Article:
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Intellivision Master Module


(unknown source)

In 1979 Fresno, California was a lucky place to be: they were the test market for the "Intelligent Television," otherwise known as the Intellivision (INTV) or Master Component. Made by Mattel Electronics group, the Intellivision was released nationwide in the United States in 1980 for a whopping price of $274.99. The pack in cartridge was Las Vegas Black Jack and Poker. Also at the release time, twelve additional cardridges were made for purchase. The carts cost $25-$30 USD apiece and came with two keypad overlays each for use on the Intellivision's controllers, something new for it's time. The controllers of the Intellivision came attached to the system and could be stored within small trenches on the top of the INTV They featured 12 numeric keys and a 16 position control knob. The only problem with these controllers is that when one went bad, the system was rendered useless. The "Intelligent Television" name was given in anticipation for the keyboard unit that was "in the works." After delays and delays of it's release, it finally came out in a small test groups spread throughout the United States. It retailed for $500-$600 USD and cradled the Intellivision in it's base. It was supposed to be a type of computer that the family could gather around: banking, games, etc., but it just wasn't the right time yet. It claimed to have better graphics that the Atari VCS, the INTV boasted 16 on screen colors and 3 channel sound and this led to Mattel leading 15% of the industry in the very early 80's. Mattel had set out to get the biggest sports licenses and franchises they could and that is what they did. It was considered the adult system of it's time, as it was for 'serious' sports games: it had the most realistic human movements of the time and Major League Baseball was the leader of the pack. INTV had similarities with the Atari VCS because they offered a sort of online play capabilities. Playcable, as they called it, offered 20 games 24/7 for $4.95 per month. The Blue Sky Rangers programmers group was created from the process of 'blue skying' brainstorming they did. It was the programmers giving themselves a name. They are still around, please click here, even though Intellivision's production ended in 1990, after a number of years selling their products soley through mailorder. One interesting design note is that the cartridge slot was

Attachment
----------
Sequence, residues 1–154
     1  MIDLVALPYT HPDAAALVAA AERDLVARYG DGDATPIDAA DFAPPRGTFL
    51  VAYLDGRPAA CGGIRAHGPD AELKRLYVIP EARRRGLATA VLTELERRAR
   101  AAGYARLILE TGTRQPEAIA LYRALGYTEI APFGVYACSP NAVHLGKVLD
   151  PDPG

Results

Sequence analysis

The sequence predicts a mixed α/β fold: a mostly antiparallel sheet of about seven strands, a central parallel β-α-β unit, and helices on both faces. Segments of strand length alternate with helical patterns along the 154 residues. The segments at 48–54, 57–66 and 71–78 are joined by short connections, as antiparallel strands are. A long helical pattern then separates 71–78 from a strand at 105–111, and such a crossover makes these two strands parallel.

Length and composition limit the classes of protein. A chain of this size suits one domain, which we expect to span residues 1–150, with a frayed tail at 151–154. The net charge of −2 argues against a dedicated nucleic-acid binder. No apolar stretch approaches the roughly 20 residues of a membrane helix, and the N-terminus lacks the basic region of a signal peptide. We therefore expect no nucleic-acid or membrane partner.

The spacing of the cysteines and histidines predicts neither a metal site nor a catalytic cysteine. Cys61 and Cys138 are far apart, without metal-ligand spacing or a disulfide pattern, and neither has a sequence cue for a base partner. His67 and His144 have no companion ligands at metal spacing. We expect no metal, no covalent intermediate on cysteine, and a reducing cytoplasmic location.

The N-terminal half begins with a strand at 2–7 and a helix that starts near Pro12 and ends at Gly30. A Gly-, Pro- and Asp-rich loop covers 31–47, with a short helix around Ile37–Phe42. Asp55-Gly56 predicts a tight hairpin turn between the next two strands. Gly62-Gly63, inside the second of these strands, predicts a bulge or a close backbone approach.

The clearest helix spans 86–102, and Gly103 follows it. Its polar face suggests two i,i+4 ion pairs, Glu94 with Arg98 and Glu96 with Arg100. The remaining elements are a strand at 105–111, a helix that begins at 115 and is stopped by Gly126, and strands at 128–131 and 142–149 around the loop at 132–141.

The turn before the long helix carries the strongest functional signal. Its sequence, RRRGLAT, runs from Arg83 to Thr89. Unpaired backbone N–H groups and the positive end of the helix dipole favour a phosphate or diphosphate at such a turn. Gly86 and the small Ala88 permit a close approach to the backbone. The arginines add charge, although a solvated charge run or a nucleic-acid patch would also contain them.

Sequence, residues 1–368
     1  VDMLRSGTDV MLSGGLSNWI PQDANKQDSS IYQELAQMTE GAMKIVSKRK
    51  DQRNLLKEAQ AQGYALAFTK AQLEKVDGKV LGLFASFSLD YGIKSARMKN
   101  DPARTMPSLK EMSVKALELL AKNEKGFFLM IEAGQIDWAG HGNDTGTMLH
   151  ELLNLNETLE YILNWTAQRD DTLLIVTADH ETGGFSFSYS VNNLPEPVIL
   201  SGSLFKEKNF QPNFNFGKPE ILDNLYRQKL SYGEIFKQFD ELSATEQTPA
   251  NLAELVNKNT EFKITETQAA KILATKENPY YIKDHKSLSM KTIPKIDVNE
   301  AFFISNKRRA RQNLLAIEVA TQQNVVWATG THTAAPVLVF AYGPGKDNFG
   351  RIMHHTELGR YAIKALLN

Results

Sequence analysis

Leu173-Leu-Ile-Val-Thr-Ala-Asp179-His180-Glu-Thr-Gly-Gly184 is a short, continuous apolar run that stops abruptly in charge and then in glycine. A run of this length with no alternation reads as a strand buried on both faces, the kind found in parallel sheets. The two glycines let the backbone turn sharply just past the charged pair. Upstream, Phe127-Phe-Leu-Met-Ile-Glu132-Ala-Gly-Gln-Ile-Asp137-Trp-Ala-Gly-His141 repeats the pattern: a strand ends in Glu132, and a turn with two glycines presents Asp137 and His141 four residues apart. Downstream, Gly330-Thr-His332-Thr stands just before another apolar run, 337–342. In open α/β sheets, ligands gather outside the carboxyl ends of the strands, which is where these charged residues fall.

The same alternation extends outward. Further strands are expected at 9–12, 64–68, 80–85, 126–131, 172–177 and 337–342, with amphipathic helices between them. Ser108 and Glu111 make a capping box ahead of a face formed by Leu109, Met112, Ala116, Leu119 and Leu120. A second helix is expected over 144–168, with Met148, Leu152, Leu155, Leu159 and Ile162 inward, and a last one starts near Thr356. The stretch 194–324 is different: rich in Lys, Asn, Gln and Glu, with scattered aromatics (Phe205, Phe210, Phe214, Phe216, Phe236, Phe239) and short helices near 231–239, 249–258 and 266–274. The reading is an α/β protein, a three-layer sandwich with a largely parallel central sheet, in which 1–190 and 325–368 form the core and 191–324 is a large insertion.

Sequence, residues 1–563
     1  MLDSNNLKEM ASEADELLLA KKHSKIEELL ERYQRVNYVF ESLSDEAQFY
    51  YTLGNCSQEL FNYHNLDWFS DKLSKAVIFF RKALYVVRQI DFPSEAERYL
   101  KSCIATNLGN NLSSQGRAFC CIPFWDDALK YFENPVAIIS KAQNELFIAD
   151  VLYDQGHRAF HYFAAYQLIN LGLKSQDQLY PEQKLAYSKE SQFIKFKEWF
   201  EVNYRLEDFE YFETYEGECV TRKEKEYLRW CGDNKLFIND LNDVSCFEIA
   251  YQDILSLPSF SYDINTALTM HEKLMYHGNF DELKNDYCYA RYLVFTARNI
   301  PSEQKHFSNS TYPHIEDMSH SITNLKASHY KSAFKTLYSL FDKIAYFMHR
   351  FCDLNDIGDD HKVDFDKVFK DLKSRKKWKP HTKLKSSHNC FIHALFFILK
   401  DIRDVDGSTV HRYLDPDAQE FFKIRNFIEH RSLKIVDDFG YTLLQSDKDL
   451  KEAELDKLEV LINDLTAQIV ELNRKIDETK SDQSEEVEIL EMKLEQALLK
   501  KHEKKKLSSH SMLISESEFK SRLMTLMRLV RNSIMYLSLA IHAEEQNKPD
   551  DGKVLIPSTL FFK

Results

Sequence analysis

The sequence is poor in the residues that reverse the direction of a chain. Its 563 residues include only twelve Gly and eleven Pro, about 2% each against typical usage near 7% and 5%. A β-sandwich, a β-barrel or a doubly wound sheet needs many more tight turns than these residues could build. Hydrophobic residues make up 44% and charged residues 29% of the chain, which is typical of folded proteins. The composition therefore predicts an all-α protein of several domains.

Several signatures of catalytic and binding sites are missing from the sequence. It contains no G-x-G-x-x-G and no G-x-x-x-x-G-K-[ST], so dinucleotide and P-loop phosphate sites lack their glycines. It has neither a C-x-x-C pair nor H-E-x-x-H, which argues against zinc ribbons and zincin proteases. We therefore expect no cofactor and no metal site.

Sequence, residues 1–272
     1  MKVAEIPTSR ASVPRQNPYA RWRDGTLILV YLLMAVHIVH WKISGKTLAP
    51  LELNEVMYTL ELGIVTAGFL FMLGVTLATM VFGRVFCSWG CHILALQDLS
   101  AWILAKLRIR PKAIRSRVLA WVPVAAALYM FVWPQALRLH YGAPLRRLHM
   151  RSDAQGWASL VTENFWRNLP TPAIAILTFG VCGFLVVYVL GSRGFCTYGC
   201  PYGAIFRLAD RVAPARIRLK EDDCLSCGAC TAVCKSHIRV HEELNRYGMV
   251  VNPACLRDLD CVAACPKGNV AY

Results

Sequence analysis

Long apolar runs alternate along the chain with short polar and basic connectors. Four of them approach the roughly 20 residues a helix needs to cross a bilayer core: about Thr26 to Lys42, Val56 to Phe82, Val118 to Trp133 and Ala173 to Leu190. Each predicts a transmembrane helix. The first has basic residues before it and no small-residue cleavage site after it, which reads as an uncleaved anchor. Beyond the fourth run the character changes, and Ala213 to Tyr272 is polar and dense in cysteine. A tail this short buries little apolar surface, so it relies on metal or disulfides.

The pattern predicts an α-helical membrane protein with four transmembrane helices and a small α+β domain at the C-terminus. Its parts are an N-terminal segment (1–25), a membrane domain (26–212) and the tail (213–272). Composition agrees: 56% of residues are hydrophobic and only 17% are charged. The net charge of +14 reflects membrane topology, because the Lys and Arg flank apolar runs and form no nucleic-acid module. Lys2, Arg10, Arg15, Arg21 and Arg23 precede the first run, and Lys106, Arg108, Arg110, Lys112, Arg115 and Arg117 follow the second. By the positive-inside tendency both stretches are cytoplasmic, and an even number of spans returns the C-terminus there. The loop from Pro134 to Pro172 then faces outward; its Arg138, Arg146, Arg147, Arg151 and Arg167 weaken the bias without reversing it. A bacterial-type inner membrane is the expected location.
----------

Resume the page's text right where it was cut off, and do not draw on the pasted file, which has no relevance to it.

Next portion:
In 1983, Mattel came with another breakthrough technology: the Intellivoice peripheral. It utilized the Orator voice synthesis chip that could 'speak'. There were only about six cartridges made and each of them rendered crude speech: to tell you when a bomb was comming, etc. The cartridges were: Space Spartans, B-17 Bomber, Tron Solar Sailor, Bomb Squard, and World Series MLB. They were noticably different than the regular cartridges as they had gold labels. The overall design of the Intellivoice was to match the Master Module and contained a volume control. Normal games could be used in the Intellivoice, but would not see any marked improvement.

The power cord was hardwired into the system. (115V AC 60 Hz 18W).

To see how you can hook up your system to today's televisions, please click here.

To see the different software available for this system, please click here.

The Intellivision Voice Synthesis Module. 3330
Diagram for Intellivision Voice Modulator

Intellivision 1 unit shown with Playcable.

(unknown source)

Intellivision 1 unit shown with Keyboard Component (shown with Intellivision)

(unknown source)

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